Besides these, note the broad hedge-parsley leaves, tunnelled by leaf-miners; bright masses of haws gleaming in the sun; scarlet hips; great brown cones fallen from the spruce firs; black heart-shaped bindweed leaves here, and buff bryony leaves yonder; green and scarlet berries of white bryony hanging thickly on bines from which the leaves have withered; and bunches of grass, half yellow and half green, along the mound. Now that the leaves have been brushed from the beech saplings you may see how the leading stem rises in a curious wavy line; some of the leaves lie at the foot, washed in white dew, that stays in the shade all day; the wetness of the dew makes the brownish red of the leaf show clear and bright. One leaf falls in the stillness of the air slowly, as if let down by a cord of gossamer gently, and not as a stone falls--fate delayed to the last. A moth adheres to a bough, his wings half open, like a short brown cloak flung over his shoulders. Pointed leaves, some drooping, some horizontal, some fluttering slightly, still stay on the tall willow wands, like bannerets on the knights' lances, much torn in the late battle of the winds. There is a shower from a clear sky under the trees in the forest; brown acorns rattling as they fall, and rich coloured Spanish chestnuts thumping the sward, and sometimes striking you as you pass under; they lie on the ground in pocketfuls. Specks of brilliant scarlet dot the grass like some bright berries blown from the bushes; but on stooping to pick them, they are found to be the heads of a fungus. Near by lies a black magpie's feather, spotted with round dots of white.........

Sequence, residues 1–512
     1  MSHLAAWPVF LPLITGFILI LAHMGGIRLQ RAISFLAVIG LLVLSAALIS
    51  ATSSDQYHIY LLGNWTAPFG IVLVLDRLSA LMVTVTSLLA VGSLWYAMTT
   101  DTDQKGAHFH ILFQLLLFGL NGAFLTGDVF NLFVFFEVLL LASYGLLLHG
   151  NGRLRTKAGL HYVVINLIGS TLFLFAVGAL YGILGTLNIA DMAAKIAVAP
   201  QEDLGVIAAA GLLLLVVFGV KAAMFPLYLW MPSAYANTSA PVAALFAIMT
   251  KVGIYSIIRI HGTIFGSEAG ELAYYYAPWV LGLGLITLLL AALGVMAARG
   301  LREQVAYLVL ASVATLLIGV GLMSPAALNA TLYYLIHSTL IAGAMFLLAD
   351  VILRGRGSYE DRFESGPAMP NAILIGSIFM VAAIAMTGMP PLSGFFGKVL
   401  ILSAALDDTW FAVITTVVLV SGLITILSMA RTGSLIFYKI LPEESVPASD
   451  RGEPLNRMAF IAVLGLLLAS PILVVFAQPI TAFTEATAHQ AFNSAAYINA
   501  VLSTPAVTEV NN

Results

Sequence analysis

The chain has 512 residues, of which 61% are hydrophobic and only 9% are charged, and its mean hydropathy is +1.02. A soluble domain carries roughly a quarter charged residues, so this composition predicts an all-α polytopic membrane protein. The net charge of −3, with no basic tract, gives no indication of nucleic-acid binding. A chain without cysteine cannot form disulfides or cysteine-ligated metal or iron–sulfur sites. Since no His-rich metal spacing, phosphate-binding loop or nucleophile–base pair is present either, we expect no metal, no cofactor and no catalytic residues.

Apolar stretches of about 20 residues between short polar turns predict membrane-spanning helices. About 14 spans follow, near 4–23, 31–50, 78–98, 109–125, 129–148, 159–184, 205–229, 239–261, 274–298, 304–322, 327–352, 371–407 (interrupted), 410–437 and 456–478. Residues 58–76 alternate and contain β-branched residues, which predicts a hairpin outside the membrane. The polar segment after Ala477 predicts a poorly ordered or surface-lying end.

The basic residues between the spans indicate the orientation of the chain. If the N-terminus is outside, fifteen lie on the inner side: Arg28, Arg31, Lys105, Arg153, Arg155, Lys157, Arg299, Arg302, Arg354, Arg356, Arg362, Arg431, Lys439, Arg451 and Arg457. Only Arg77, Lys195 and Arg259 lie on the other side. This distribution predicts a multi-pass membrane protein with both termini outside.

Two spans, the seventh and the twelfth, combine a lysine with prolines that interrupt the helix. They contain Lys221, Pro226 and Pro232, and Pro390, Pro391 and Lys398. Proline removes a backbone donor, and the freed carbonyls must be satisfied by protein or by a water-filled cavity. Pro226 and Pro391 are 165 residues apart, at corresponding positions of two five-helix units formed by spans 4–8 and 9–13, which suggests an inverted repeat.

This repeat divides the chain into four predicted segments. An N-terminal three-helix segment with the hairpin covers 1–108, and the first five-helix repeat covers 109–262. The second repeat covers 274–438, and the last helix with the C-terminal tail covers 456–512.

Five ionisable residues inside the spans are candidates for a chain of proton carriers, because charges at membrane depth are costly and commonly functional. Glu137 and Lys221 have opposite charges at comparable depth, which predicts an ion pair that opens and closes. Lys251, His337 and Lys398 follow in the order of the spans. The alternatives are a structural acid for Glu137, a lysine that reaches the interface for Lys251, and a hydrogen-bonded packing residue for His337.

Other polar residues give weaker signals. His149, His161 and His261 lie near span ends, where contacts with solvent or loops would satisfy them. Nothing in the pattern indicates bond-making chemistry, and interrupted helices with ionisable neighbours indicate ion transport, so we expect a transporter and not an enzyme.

The short hours shorten, and the leaf-crop is gathered to the great barn of the earth; the oaks alone, more tenacious, retain their leaves, that have now become a colour like new leather. It is too brown for buff--it is more like fresh harness. The berries are red on the holly bushes and holly trees that grow, whole copses of them, on the forest slopes--'the Great Rough;' the half-wild sheep have polished the stems of these holly trees till they shine, by rubbing their fleeces against them. The farmers have been drying their damp wheat in the oast-houses over charcoal fires, and wages are lowered, and men discharged. Vast loads of brambles and thorns, dead firs, useless hop-poles and hop-bines, and gorse are drawn together for the great bonfire on the green. The 5th of November bonfires are still vital institutions, and from the top of the hill you may see them burning in all directions, as if an enemy had set fire to the hamlets.

1 comment:

Anonymous said...

Absolutely brilliant, well done for showing this piece!